Standing On The Shoulders Of Giants: Will Zara Eat The Hand That Feeds?

This new Observer article on Inditex, the company behind Zara, has me wild conflicted. In the article, Inditex is basically painted as a revolutionary business that has changed the fashion industry forever. And in a lot of ways, they absolutely have. Rather than try and force their own preconceived ideas of "fashion" onto consumers, Inditex has achieved its success by taking cues from consumers and, well, other designers. Moreover, the company's vertical integration has afforded them an unprecedented amount of flexibility that is seldom found within the world of garment manufacturing. For instance, the article describes how due to a uncharacteristically warm November, Zara reduced its stock of winter coats and increased the volume of dresses shipped to its retailers. This ability to play fast and loose with its production and shift directions with, not only, the changing fashion seasons, but, like, actual fucking seasons has directly lead to Inditex's current standing as the largest fashion company in the world, while its founder, 77-year old Amancio Ortega, is now the 3rd richest man in the world with a net worth of 57 billion dollars.

What does this all mean? It means that our fast paced, I-need-everything-right-now culture has firmly permeated the world of fashion just as it has done with everything else. As Inditex has proven, when people see something on a runway or on a blog, they don't want to wait 6 months for it to hit shelves. But, most importantly, Inditex has made a case that people don't necessarily care where these looks end up as long as they end up somewhere. Of course, price absolutely plays a role in Inditex's success. Offering high-fashion looks at a mass consumer pricepoint never hurts. But, at the end of the day it's the styles—a particular pattern or graphic—that people want. And, if that's the case, then what does Inditex's seemingly unstoppable business model mean for fashion houses who rely on things like quality and history to sell garments? If Inditex can, in 30 years, become the world's largest fashion brand by standing on the shoulders of pricier, inspirational giants, what will the next 30 years bring? Is the idea of "quality" being destroyed by people's desire to constantly consume?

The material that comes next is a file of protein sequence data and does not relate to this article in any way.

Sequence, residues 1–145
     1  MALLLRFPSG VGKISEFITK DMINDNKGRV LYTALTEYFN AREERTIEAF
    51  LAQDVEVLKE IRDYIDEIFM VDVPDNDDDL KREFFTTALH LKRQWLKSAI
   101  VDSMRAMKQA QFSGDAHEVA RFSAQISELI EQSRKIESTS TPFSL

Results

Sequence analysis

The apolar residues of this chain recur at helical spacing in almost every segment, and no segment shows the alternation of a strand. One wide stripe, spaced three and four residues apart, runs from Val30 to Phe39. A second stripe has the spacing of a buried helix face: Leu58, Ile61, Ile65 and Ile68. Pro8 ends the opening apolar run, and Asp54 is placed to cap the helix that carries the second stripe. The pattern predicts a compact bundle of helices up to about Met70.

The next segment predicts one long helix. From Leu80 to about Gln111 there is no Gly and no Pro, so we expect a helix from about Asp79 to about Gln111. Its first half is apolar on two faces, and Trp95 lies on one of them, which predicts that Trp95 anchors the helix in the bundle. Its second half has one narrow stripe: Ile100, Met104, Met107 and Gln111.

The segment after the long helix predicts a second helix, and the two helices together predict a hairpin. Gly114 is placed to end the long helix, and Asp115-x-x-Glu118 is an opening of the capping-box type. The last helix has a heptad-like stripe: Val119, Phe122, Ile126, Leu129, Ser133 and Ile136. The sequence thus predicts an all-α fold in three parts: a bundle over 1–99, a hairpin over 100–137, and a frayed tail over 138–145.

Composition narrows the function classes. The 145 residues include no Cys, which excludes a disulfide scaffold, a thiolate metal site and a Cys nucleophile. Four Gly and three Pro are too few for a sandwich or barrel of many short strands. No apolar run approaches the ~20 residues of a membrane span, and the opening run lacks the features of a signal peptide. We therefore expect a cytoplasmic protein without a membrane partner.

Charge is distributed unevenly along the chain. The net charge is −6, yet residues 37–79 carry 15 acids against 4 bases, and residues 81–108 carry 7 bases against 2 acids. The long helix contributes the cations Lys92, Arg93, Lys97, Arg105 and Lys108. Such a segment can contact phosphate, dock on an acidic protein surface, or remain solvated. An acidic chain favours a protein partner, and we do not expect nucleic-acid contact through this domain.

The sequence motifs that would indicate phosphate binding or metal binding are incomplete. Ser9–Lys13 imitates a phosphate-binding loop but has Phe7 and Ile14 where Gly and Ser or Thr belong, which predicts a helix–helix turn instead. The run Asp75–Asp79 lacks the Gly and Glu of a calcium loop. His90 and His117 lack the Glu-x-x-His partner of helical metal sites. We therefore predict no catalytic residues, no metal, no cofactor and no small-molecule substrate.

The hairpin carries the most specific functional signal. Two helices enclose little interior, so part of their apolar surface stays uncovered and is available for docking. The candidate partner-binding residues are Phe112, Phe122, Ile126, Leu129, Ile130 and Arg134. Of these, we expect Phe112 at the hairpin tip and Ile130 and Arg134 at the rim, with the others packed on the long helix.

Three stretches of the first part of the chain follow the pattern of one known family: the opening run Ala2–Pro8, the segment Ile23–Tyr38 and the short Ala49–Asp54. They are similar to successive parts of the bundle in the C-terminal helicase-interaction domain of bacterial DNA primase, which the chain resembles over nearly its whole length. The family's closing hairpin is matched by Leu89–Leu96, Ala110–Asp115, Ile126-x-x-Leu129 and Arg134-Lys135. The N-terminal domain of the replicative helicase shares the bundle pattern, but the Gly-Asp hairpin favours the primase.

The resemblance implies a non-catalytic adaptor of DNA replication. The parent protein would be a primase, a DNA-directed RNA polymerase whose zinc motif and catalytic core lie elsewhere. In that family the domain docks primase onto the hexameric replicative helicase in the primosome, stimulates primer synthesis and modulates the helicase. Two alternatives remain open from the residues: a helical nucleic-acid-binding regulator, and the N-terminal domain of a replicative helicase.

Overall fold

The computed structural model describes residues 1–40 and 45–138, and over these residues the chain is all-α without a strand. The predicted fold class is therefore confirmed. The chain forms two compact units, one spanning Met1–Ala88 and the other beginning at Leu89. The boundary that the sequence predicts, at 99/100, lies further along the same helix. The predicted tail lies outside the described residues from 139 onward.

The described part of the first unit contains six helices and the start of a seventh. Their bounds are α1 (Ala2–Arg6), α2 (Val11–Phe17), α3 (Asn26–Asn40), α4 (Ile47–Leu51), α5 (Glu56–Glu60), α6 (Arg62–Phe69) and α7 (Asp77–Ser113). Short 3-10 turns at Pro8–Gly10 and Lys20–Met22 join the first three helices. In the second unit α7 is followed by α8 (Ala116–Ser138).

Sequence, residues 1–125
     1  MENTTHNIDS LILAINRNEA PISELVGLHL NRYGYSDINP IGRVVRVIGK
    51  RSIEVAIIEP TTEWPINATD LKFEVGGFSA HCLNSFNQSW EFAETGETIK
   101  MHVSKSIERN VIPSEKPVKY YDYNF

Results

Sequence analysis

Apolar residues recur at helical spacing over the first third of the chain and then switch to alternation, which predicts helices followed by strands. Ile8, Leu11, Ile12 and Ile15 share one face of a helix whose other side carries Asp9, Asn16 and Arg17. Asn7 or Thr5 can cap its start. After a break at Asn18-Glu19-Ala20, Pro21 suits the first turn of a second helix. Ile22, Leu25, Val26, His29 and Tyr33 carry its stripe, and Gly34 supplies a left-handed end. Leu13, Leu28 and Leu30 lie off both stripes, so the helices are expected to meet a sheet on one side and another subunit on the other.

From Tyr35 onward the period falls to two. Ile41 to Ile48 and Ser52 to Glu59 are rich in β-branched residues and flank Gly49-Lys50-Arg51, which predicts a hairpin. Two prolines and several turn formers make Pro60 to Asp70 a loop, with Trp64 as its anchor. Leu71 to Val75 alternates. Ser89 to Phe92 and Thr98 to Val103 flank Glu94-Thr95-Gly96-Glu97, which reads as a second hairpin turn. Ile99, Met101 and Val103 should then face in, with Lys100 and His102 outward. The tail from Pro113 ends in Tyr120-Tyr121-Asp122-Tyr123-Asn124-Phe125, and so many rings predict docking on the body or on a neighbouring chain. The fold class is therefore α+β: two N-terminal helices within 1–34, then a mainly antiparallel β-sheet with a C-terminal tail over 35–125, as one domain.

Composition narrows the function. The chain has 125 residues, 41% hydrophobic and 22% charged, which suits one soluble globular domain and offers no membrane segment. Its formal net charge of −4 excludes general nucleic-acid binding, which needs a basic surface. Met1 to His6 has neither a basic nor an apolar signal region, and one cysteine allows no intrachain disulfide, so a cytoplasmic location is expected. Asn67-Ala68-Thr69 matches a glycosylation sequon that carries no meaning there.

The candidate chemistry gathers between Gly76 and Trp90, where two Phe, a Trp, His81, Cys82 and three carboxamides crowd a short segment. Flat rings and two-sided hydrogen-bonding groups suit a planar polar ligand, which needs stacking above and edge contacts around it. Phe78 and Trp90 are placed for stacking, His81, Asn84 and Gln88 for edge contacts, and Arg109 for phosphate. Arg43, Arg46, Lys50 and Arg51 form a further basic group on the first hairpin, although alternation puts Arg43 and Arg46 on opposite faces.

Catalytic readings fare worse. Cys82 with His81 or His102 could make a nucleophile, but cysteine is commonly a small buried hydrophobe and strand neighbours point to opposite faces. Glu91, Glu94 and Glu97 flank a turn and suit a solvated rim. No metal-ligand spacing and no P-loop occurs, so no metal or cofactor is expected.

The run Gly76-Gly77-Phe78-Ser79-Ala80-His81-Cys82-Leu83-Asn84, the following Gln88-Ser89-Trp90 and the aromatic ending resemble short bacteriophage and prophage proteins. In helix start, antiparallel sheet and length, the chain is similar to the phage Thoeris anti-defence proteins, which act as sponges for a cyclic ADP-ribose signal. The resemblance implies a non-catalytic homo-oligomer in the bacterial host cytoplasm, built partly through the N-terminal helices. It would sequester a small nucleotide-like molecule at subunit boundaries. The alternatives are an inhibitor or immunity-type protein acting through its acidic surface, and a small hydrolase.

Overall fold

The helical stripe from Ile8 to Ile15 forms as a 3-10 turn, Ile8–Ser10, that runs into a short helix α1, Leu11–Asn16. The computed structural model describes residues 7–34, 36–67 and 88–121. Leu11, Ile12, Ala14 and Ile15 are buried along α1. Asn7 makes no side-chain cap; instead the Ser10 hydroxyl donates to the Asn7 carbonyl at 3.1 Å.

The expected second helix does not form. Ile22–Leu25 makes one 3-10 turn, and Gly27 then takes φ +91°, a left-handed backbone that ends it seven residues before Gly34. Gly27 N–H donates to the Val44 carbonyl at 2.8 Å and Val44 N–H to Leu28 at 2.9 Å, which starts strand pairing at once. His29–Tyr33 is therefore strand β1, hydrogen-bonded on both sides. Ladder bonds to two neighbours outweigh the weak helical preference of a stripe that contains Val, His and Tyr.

There's always an argument to be made for or against the mass distribution of 'the best ideas' depending on where you find yourself amidst the conflict.

In his BBC 1 Radio interview with Zane Lowe, Kanye West described how if you're wearing a shirt from Zara that knocks off a Celine shirt and someone walks in wearing the Celine version, you will feel like shit. His logic is that the person wearing the original just sonned you because they're better than you and you're just a knock-off. I think it's possible to see this scenario in the exact opposite way. It's absolutely possible that the person wearing that Celine shirt will feel robbed by those wearing Zara. I mean, they pay a ton of money to support Pheobe Philo and an objectively superior product in terms of quality, all for some hack to distribute something aesthetically identical to millions. The person wearing Celine might even go as far to feel like they wasted their money and that there is zero point in buying designer clothes moving forward. On the surface, Zara wins again. But without high-end, ready and willing consumers paying the Pheobe Philos of the world to design "the best" for them, where will Zara go to mine trends and product? Their success is wholly contingent on the bastardization of designer goods. Now, it's incredibly unlikely that Zara will effectively eat the hand that feeds. People who buy Celine will always have the tag on their shirt or the logo on their bag to keep them warm at night.